When Should You Downgrade a Credit Card?

Downgrading a credit card is when you product change a card, usually with an annual fee, to a lower or no annual fee card.

One of the most frequently asked questions we receive is if you can signup for a card and cancel or downgrade the card to a no annual fee product to avoid paying the annual fee within the first year. 

Usually, people signup for a card with an annual fee, meet the welcome offer requirement and try to product change the card within a few months to avoid paying the annual fee. I strongly discourage doing this within the first year of opening the card.

The first issue is that downgrading the card within the first year is considered bad etiquette. Welcome offers exist as a promotion for you to try the credit issuer's product. They trust that you'll act in good faith and keep the card for at least one year.

The second issue is that some companies like American Express have added anti-gaming terms to their card agreements. Specifically, if you have engaged in abuse, misuse, or gaming the welcome offer, the card issuer has the right to claw the bonus back.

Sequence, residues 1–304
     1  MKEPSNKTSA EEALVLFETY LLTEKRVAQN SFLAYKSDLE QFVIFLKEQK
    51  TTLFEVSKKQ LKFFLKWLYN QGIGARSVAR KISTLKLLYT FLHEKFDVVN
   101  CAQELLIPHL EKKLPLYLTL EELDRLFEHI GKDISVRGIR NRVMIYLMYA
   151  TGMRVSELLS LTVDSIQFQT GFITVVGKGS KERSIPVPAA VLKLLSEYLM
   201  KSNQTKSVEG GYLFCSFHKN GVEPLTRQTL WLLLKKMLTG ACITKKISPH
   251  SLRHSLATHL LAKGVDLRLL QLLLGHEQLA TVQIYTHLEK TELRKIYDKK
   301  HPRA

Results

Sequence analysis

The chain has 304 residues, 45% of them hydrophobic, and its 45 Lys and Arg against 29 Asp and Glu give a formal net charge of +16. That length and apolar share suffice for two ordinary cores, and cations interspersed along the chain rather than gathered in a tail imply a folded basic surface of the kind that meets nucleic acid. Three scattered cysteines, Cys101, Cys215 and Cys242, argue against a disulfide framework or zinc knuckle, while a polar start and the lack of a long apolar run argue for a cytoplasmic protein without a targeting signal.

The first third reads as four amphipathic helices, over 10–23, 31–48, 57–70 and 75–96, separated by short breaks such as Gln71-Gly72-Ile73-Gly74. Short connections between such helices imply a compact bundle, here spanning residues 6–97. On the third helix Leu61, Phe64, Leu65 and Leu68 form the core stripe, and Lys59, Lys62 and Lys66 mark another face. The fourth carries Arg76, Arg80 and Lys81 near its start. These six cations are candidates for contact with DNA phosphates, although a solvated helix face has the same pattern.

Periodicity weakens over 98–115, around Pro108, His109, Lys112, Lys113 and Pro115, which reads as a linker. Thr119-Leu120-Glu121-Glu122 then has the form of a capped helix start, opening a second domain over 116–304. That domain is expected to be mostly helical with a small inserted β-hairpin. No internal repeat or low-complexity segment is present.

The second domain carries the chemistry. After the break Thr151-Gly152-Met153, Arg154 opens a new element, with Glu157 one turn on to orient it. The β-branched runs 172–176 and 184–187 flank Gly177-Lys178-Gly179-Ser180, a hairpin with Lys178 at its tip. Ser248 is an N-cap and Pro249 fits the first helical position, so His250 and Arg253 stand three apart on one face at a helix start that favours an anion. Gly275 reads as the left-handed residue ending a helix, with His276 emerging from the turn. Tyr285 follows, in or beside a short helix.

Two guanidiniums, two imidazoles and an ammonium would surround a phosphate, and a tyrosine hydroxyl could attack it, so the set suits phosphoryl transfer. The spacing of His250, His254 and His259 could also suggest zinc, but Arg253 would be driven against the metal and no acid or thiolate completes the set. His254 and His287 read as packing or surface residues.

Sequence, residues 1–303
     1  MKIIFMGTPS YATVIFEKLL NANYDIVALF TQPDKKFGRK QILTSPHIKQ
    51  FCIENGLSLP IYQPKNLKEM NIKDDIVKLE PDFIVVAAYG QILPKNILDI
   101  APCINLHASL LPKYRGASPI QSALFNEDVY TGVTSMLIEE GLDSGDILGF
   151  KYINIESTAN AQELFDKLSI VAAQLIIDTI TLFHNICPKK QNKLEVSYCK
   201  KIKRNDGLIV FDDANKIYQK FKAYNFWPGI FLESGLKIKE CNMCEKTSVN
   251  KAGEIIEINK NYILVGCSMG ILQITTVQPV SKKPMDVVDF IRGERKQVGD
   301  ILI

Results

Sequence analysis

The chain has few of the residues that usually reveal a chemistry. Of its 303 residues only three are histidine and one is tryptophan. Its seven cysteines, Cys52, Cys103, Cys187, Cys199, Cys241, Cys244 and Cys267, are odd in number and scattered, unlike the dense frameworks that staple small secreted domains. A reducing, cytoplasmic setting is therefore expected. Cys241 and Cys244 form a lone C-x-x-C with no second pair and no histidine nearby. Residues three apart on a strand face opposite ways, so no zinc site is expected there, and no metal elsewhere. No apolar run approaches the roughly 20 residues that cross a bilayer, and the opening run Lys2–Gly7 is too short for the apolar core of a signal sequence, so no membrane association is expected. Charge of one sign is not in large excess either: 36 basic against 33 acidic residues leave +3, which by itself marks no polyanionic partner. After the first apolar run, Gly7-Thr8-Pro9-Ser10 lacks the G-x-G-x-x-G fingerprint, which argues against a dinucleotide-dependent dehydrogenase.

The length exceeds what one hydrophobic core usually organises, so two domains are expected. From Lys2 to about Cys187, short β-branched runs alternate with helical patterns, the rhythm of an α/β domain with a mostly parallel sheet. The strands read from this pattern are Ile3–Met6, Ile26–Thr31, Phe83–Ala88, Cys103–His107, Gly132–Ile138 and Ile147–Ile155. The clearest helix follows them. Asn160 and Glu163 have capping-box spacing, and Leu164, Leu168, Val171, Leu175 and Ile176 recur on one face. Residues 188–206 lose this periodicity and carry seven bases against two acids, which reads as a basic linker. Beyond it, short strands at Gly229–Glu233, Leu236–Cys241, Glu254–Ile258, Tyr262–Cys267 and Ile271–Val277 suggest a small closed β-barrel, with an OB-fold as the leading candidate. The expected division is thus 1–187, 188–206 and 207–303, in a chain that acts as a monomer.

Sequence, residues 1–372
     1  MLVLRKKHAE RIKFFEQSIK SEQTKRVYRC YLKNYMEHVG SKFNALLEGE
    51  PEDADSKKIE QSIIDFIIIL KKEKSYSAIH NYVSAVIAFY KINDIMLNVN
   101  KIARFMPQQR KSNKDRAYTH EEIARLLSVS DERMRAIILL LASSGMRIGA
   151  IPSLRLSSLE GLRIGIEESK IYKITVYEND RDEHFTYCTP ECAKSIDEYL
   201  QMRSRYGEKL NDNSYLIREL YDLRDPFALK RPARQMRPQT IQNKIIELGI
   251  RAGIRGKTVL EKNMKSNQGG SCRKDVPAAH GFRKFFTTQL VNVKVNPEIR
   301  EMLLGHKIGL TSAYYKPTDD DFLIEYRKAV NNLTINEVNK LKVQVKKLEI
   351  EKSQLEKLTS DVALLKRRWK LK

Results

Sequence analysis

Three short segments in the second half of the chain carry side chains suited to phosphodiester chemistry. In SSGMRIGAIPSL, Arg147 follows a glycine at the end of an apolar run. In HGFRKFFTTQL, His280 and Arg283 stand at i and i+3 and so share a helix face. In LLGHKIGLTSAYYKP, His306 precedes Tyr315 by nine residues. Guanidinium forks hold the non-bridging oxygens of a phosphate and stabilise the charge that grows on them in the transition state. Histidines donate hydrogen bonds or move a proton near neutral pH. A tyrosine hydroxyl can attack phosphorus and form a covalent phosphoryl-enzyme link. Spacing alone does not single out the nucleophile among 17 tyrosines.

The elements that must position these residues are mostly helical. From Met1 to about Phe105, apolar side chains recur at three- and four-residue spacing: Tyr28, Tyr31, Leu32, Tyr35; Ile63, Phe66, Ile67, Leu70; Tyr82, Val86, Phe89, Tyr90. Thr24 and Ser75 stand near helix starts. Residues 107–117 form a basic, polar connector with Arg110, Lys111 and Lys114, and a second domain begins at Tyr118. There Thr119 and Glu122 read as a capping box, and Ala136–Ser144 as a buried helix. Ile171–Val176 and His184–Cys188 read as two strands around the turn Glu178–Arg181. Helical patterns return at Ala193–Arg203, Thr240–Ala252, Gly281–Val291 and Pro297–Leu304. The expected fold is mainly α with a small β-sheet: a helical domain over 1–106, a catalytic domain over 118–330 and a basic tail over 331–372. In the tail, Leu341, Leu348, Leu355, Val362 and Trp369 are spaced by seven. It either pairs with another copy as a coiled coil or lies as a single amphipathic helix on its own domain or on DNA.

In addition, if you cancel or downgrade the account within the first year of opening it, they can claw back the bonus or cancel your accounts.

When your welcome offer is clawed back or if you're blacklisted from the card issuer, you would have met the minimum spend amount for nothing.  

When Should You Downgrade a Credit Card?

If you don't get positive expected value from a credit card, wait until the card is at least 12 months old before requesting a downgrade to a lower-tier or no annual fee card.  

Editorial Note: Opinions expressed here are the author's alone, not those of any bank, credit card issuer, airlines or hotel chain, vendors or companies, and have not been reviewed, approved, or otherwise endorsed by any of these entities. 

UGC disclosure: These responses are not provided or commissioned by the bank advertiser. Responses have not been reviewed, approved or otherwise endorsed by the bank advertiser. It is not the bank advertiser's responsibility to ensure all posts and/or questions are answered.